Two plants of Orobanche fasciculata that have been excavated. Notice that the lower two-thirds of the plants is white: this portion of the plants is underground, and the upper one third of the plants appears above the soil surface. The leaves of these plants are narrow and cover the stems. Some of the leaves have turned brownish. Although white when first formed, the leaves can turn brown because of injury or even natural pressure as the flowers expand and push upward through the soil surface.
At the bases of these two plants of Orobanche fasciculata are roots; especially note the plant at the right. These roots belong to the Orobanche plants, but they have interconnections (not shown) with roots of host plants. Orobanche takes water, sugar, and other substances from host plants through their roots.
The flowers of Orobanche fasciculata are yellowish. Flowers of other species of Orobanche range from purplish to ivory-colored to an orange color.
A flower of Orobanche californica, sectioned so as to show two of the four stamens. The pollen has mostly been shed from the pale yellow-colored anthers at this stage. The stigma is white and has two pointed flaps.
Ammobroma (Greek for "sand food") is the common name for this curious desert sand dune plant, a flowering plant parasitic on desert shrubs such as Tiquilia and Eriogonum. The only part of the plant normally visible above the sand surface is the inflorescence, which is 5 to 15 cm in diameter.
The scientific name for Ammobroma is Pholisma sonorae--it was originally named Ammobroma sonorae, but it is now thought to belong to the genus Pholisma. Pholisma was said to be in the small family of parasitic plants Lennoaceae, but now Lennoaceae is considered a subfamily (Lennoideae) of Boraginaceae, the forget-me-not family. This is a smaller inflorescence, which looks doughnut-like in shape, but is actually funnel-shaped, the outer edges of the funnel rounded, and the center of the funnel filled with sand.
A larger inflorescence of Pholisma sonorae, showing the somewhat irregular shape. Pholisma sonorae grows in sand dunes of northwestern Sonora, Mexico ("El Gran Desierto") and adjacent California and Mexico. The name "sand food" derives from its apparent use by Sonoran natives as a source of food.
Normally the inflorescence of Pholisma sonorae is in contact with the sand. This individual is probably abnormal in that respect because sand has blown away.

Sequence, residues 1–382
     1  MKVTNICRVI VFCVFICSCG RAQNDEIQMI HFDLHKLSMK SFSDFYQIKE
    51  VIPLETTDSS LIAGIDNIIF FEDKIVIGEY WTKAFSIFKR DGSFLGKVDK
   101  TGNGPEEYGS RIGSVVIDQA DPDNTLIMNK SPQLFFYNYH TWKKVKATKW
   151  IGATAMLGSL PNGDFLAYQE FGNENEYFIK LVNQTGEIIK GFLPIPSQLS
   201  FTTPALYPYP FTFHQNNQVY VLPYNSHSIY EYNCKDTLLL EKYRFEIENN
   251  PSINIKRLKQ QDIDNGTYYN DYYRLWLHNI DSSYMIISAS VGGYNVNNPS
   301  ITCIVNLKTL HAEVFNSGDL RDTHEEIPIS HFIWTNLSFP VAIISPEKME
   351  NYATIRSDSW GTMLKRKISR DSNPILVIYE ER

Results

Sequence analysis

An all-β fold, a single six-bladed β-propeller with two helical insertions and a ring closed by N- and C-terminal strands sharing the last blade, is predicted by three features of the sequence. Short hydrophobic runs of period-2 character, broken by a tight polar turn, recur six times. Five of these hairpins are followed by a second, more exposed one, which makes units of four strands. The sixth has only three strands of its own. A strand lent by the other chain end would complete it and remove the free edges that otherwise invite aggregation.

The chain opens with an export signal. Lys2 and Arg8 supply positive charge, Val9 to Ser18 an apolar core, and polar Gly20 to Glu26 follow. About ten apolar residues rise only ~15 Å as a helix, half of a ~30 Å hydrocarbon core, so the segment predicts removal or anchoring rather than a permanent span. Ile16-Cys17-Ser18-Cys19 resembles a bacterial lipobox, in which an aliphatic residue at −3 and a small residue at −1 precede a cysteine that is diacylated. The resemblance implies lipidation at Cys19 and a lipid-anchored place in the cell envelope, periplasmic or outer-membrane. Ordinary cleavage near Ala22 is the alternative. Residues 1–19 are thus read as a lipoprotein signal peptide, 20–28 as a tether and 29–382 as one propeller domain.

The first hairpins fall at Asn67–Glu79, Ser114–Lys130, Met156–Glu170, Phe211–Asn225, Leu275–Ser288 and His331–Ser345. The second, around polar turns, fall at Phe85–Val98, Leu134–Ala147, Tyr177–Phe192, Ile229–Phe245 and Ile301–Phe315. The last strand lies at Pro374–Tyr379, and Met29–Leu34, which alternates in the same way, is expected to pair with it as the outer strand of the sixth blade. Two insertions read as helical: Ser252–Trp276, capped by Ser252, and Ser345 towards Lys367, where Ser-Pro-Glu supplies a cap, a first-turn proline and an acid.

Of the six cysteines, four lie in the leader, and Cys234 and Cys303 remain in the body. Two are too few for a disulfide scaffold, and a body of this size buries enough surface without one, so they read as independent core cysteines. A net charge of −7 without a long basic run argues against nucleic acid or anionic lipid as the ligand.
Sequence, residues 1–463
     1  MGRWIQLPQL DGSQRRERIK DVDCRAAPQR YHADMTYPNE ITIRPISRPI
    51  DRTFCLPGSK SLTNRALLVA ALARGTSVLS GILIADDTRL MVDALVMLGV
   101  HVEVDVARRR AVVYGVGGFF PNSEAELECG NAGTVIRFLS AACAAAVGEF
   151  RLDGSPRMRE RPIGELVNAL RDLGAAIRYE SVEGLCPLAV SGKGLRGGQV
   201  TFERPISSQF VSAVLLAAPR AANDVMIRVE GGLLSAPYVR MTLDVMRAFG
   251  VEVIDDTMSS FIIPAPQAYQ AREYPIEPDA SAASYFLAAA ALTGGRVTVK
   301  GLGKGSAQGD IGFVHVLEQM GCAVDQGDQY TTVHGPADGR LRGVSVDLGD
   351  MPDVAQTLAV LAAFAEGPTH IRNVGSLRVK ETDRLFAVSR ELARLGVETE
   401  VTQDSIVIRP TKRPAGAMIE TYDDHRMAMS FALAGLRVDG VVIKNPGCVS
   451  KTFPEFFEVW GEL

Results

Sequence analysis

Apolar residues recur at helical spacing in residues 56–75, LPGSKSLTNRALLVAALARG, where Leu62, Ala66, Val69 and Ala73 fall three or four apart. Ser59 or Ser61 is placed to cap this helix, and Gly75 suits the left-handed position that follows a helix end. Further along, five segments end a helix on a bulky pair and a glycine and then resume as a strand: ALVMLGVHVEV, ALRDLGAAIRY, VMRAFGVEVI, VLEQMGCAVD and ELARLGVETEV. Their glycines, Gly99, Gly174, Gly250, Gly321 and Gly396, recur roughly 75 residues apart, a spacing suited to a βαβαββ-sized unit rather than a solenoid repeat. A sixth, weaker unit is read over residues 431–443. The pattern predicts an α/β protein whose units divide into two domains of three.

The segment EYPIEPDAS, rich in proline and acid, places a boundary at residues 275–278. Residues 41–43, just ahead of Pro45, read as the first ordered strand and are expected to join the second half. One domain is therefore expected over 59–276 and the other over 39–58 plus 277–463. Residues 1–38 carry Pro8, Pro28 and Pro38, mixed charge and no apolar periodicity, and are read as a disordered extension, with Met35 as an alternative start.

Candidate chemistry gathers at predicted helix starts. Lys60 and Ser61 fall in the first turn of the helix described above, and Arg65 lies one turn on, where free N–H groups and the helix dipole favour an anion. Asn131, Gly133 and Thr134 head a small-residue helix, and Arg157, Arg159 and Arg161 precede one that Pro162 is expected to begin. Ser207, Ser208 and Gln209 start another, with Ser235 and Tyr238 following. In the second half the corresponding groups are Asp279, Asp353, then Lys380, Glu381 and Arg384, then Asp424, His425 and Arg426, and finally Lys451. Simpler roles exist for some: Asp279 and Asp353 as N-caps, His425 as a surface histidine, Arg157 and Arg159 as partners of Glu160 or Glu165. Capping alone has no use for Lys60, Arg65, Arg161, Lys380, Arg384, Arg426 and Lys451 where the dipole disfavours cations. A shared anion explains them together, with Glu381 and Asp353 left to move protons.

An inflorescence of Pholisma sonorae removed from the sand, with the sand shake from it reveals that the inflorescence is funnel shaped. The center is older; flowers are progressively younger toward the edge of the inflorescence.
A somewhat younger inflorescence of Pholisma sonorae, removed from the sand, with the sand shaken from the center. The flowers are lavender in color. Perhaps one should say heliotrope colored, because Pholisma sonorae is now considered a member of the Boraginaceae, sometimes known as the heliotrope family.
A view of an inflorescence of Pholisma sonorae from the side. Notice that the hairs of the inflorescence, from which the flowers emerge, are the same tan color as the sand in which Pholisma sonorae grows. This color may prevent Pholisma sonorae eaten by desert herbivores. Herbivores tend to avoid plants that are excessively hairy.
An inflorescence of Pholisma sonorae removed from the sand and positioned so that the lower side and rounded edge of the funnel-shaped inflorescence are visible. The funnel-shaped inflorescence tapers into the stalk (not shown) which would be at lower right. Notice the small reduced leaves on the lower (outer) side of the inflorescence.
A section down the middle of the funnel-shaped inflorescence of Pholisma sonorae. The edges touch the sand in a living plant, and the depression in the middle is filled with sand.
A face view of a flower of Pholisma sonorae. There are about twice as many flower parts as in the ordinary borages, such as forget-me-not and heliotrope. The color and shape of the flowers suggests that they might be pollinated by long-tongued bees, but no studies have apparently been done on that yet. The sepals turn dark brown very quickly. There are numerous light brown wooly hairs on the sepals.
A section of the edge of an inflorescence. From right to left: old flowers, the floral tube wilted by the bottom widens as seeds form; then a few open flowers; then, at left, the curled over portion of the inflorescence with unopened flowers, the sepals of which are purple.